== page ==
Being thrown to the wolves during orientation - page 2
I started in the ED last week and have 8 weeks of orientation. The first day I was given two rooms that I was 100 percent responsible for. The second day, I was given a full assigment with just the assistance of my preceptor.... Read More
- 1Jan 25, '13 by ncaru01ICU is probably great experience for the ED though I had little experience going in but I didn't have a full assignment until probbaly 4 weeks in. It is very different than what they teach in school. I almost didn't make it through orientation but once I got out on my own it went much better. I just didn't work well with my preceptor and I couldn't keep track of what was going on because she would be doing stuff for me. 6 Months later I was much more comfortable and at 2 years I feel like I know what needs to be done on most patients.
- 2Jan 30, '13 by Larry77I would speak with the ED educator and let her know your conserns then if you don't get the help you need speak with the manager. My biggest issue with what you said was the fact that you had different preceptors each day...that is not how a good preceptorship runs. That being said, the ED is a place that does tend to attract the "eat your young" style nurses who may be testing you to see if you have what it takes. If you weather the storm you just might win your coworkers over.
I have worked a lot of agency in the past and many times my orientation was, "Here's the Pyxis, and here's your assigned rooms"...good times
- 0Jan 30, '13 by sweetlilwolfIm a new nurse and work in the ED we take anywhere from 3 - 6 rooms (6 is usually on nights). Anyways, i dont really have a preceptor i just work with whoever is there... ive worked as an ED tech for 4 years and in a level 1 trauma center (38 beds).... im at a level 4 now and only 12 room ED! it was an adjustment but i just learn to ask when i need help or have a question or am unsure what area to chart in (they have a different EHR than what ive used and they didnt train me on it since they were switching to the one ive always used 6 weeks after i started... BUt anyways its been alittle over a month since ive been there, i take 3-4 patients on my own (no one checks anything, i sometimes ask can you make sure i charted everything right...) and i try to take patients ive never had so i can ask questions when there is more staff avail to help. Usually im fine i just ask about certain medication and i will look them up in the book and refresh (since we dont remember every drug ever)... Make sure you ask when you have questions and even if they are annoyed with you who cares id rather have them annoyed that i double checked or asked a question than hurt my patient!!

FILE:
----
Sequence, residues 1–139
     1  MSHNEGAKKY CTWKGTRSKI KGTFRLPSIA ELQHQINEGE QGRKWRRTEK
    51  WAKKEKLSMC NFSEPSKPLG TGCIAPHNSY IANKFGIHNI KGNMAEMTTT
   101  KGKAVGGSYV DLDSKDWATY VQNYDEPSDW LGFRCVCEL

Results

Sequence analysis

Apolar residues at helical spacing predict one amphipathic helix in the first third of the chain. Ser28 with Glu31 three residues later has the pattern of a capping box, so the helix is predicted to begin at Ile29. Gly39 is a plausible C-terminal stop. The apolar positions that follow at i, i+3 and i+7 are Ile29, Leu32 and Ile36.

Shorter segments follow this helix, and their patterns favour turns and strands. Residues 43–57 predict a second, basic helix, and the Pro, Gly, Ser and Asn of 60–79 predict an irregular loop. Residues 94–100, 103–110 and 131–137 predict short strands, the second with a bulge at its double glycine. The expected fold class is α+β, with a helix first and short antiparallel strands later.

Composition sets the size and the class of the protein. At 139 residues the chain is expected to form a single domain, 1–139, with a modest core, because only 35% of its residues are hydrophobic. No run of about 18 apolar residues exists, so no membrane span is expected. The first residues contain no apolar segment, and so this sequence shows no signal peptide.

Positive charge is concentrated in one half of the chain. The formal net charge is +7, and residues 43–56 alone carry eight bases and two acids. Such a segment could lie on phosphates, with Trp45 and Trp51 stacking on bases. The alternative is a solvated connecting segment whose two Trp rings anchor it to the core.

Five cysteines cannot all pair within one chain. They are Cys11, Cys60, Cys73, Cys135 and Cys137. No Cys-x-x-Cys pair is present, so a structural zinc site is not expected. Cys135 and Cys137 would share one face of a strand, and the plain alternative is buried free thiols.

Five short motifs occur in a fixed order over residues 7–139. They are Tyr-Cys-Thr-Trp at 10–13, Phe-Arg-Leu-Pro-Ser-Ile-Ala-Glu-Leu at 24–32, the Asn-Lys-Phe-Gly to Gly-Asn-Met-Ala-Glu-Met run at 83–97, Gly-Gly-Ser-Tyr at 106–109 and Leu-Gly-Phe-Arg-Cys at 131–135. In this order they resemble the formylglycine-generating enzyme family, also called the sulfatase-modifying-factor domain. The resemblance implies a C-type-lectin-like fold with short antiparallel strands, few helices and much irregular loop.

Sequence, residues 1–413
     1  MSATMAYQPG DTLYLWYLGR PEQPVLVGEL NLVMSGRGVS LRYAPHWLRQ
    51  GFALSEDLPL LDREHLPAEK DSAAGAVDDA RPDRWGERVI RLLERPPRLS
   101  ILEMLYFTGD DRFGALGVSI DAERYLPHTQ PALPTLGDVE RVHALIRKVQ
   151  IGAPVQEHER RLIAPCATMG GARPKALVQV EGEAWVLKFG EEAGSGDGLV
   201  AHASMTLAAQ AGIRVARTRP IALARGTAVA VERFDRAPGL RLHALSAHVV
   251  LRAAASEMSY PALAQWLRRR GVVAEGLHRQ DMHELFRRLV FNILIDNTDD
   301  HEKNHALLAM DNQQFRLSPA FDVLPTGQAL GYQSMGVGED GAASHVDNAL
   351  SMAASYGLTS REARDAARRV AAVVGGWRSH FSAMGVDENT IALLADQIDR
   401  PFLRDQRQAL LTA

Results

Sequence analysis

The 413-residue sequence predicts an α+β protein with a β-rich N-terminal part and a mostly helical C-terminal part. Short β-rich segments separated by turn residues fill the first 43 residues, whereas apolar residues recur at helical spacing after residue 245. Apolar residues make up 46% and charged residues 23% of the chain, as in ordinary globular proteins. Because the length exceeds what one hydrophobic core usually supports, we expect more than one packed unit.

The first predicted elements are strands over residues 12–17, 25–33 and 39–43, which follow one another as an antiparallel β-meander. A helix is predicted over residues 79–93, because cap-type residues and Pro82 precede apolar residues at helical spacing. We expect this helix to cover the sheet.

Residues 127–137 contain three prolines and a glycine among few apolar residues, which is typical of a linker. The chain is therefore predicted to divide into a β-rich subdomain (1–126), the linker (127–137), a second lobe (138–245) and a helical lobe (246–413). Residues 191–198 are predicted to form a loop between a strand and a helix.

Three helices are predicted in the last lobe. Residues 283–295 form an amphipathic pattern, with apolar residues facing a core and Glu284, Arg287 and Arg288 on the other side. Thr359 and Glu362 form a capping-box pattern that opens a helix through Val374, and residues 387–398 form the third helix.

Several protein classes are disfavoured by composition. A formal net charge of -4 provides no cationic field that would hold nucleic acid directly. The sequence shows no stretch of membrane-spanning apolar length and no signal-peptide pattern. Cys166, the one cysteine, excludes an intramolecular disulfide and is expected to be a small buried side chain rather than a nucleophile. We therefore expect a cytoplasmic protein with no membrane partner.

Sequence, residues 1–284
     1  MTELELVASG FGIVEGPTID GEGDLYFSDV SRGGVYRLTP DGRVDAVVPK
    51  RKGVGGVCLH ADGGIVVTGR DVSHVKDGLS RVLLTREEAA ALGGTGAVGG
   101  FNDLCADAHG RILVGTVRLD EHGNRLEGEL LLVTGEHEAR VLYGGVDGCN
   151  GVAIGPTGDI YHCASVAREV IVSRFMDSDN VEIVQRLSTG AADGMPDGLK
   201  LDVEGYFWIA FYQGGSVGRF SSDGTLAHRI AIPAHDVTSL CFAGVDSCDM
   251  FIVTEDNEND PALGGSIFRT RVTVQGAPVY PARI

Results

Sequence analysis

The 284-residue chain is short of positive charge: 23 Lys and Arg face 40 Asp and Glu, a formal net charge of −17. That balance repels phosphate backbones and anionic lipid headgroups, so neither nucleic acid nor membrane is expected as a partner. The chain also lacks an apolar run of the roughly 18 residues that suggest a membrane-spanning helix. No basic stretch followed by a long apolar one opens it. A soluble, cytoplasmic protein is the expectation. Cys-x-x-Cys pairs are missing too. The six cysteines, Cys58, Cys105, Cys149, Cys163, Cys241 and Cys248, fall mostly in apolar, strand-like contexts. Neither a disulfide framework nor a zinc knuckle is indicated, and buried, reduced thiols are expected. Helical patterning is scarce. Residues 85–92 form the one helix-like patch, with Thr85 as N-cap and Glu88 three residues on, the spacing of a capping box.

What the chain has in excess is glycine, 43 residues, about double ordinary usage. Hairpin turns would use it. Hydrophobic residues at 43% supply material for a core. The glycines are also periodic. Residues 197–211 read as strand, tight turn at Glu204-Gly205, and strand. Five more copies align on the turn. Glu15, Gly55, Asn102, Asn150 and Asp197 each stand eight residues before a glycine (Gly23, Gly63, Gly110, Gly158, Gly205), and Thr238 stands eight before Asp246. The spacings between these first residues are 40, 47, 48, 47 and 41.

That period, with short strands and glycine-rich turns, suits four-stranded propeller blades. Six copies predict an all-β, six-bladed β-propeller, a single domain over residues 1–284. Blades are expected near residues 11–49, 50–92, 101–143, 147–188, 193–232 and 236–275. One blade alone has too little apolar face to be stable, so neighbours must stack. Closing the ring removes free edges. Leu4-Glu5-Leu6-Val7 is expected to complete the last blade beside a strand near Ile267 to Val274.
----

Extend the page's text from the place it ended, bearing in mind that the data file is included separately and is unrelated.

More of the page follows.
I think youll be okay, and probably with your background they just assumed youd be fine...
- 1Jan 31, '13 by zmanscQuote from Larry77I guess I haven't seen this as much where I work. Yes, there are a few "experienced nurses" on our staff who are less supportive than the rest, but for the most part the nurses in my ED are supportive of each other and of new nurses. I think it stems from the teamwork that is cultivated by our director.That being said, the ED is a place that does tend to attract the "eat your young" style nurses who may be testing you to see if you have what it takes.
We all know that at some time we will be slammed and need help from the other nurses on our shift, so we all try to be there to help them when they get slammed too. I think most of us realize that the new orienting nurse is gonna be a teammate sooner than we think, and so we had better help them out so they can help us out later on.
- 1Feb 10, '13 by canoeheadI have 25 years in nursing, 5 in the ER, and I wouldn't find the OP's orientation acceptable. In a new hospital you need to constantly look up policies, ask about resources, and find equipment. Everything takes at least twice as long. I would ask for 4 weeks orientation with a preceptor, and advance the assignment based on my request, not the unit's. Definitely go to your NM and tell her they need to back off. You need to be extra with a preceptor, not full staff right now.